Until about 10 years ago there were few places in the city for contemporary artists to exhibit their works, which is what led to the proliferation of public art. This trend is demonstrated most prominently by the Angel of the North, Antony Gormley's giant sculpture, which has been dominating a Gateshead hilltop since 1998. But these days more and more galleries are opening up: Globe City at Curtis Mayfield House in Carliol Square; the Cluny Gallery, a room off the Head of Steam Pub in Ouseburn where local artists can exhibit; and the Waygood Gallery, a city centre venue that offers studios to artists alongside a space where they can show their works. This has been so successful that it is now in the throes of an ambitious expansion programme which will turn it into an arts centre and meeting place, with more gallery space, a ground floor café and bar and an area in the basement for live music.
More established artists feature regularly in the exhibitions at the University Gallery. This was set up in 1977 as a space to exhibit works by the artists teaching at what is now Northumbria University, but it also operates as a commercial gallery, with a programme of temporary exhibitions in which all the works are for sale. Many of the artists who exhibit in the gallery are connected with the region. Norman Cornish, a former miner turned painter, produces gritty landscapes and energetic figures which seem to epitomise life in the North-east. The director of the gallery, Mara-Helen Wood, knows all her artists well and has seen many of them develop over the years, particularly the Norwegians Ornulf Opdahl and Frans and Nicolaus Widerberg whose works she has helped to make popular in this country.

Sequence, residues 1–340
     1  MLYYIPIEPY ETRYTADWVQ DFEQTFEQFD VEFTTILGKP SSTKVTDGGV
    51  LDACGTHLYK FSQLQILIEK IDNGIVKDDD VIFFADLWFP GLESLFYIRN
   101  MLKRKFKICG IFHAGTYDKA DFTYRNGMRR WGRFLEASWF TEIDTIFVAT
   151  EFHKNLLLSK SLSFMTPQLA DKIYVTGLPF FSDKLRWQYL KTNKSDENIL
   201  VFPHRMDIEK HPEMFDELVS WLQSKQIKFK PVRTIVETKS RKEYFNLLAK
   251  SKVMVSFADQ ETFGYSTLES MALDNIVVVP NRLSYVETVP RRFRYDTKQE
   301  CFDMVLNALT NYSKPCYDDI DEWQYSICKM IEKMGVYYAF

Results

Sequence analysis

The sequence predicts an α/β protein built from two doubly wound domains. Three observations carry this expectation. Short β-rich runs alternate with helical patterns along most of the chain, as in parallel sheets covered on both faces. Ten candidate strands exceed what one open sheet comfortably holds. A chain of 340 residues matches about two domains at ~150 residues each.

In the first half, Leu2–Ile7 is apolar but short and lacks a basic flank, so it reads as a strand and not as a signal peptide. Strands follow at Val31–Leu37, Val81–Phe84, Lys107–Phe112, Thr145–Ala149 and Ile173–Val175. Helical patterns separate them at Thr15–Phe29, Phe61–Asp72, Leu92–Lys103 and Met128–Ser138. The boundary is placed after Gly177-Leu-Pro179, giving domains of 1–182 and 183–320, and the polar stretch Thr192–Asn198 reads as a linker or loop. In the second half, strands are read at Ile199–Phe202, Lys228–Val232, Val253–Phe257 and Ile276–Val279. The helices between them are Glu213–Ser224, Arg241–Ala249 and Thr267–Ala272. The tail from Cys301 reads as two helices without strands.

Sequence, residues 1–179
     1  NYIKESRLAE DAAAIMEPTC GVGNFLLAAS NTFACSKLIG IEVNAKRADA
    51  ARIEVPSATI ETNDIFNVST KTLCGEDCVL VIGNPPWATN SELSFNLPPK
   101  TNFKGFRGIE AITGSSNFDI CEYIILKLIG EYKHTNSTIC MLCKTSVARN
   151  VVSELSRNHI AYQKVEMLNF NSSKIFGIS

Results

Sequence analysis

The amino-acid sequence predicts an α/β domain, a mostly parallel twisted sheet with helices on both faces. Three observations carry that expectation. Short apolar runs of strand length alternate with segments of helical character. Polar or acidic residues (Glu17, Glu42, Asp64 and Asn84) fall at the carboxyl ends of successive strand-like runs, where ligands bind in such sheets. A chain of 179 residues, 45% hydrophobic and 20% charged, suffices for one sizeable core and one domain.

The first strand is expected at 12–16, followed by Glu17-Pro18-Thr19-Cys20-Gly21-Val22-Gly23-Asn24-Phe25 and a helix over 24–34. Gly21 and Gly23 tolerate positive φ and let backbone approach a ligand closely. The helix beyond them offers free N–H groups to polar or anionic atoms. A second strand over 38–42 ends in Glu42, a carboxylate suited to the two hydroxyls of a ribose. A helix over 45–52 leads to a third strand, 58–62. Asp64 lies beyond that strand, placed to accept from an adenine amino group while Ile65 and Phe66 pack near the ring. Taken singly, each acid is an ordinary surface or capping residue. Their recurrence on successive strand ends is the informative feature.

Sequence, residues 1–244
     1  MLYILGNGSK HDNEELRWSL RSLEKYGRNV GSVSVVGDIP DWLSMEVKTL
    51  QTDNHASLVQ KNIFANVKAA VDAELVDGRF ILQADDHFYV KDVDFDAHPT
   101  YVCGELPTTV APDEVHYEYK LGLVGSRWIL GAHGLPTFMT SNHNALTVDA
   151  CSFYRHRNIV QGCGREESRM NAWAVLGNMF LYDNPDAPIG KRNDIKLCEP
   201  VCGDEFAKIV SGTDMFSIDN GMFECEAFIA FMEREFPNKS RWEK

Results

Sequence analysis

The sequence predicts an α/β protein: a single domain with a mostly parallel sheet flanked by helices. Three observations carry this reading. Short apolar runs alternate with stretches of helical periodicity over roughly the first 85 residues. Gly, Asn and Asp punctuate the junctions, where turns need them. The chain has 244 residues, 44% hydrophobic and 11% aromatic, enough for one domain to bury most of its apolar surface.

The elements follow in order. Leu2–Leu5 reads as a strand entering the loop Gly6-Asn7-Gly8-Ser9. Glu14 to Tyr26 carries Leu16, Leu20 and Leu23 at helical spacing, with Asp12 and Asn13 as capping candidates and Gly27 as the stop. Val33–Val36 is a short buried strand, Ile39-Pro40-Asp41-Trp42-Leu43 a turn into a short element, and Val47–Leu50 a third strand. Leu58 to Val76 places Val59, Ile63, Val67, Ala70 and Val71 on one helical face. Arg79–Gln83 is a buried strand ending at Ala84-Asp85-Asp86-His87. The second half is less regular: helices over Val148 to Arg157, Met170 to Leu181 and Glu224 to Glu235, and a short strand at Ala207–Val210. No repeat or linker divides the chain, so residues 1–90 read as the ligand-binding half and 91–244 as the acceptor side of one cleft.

Not to be outdone, Newcastle University, a completely separate academic institution, also has its own gallery. Like the Laing, the Hatton Gallery has a permanent collection, with artists representing every century from the 14th to the present day. It displays works by local artists, including Thomas Harrison Hair, who painted a series of watercolour sketches showing the conditions endured by miners in the North-east in the early 19th century. The gallery space is also used to show the works of final year Fine Arts degree students, an annual event which is part of a big programme of temporary exhibitions and installations. This often means that much of the permanent collection has to be put into storage, but one work that is always on show is Kurt Schwitters' Merzbarn. This collage of stones, string and other objects including the rose of a watering can, was created on the wall of a barn in the Lake District. The owner of the barn kept his promise to preserve the work after Schwitters' death, but the structure became increasingly dilapidated. Eventually in 1965 the collage, which is widely regarded as one of the major artworks of the 20th century, was moved to a more protected position in the Hatton Gallery.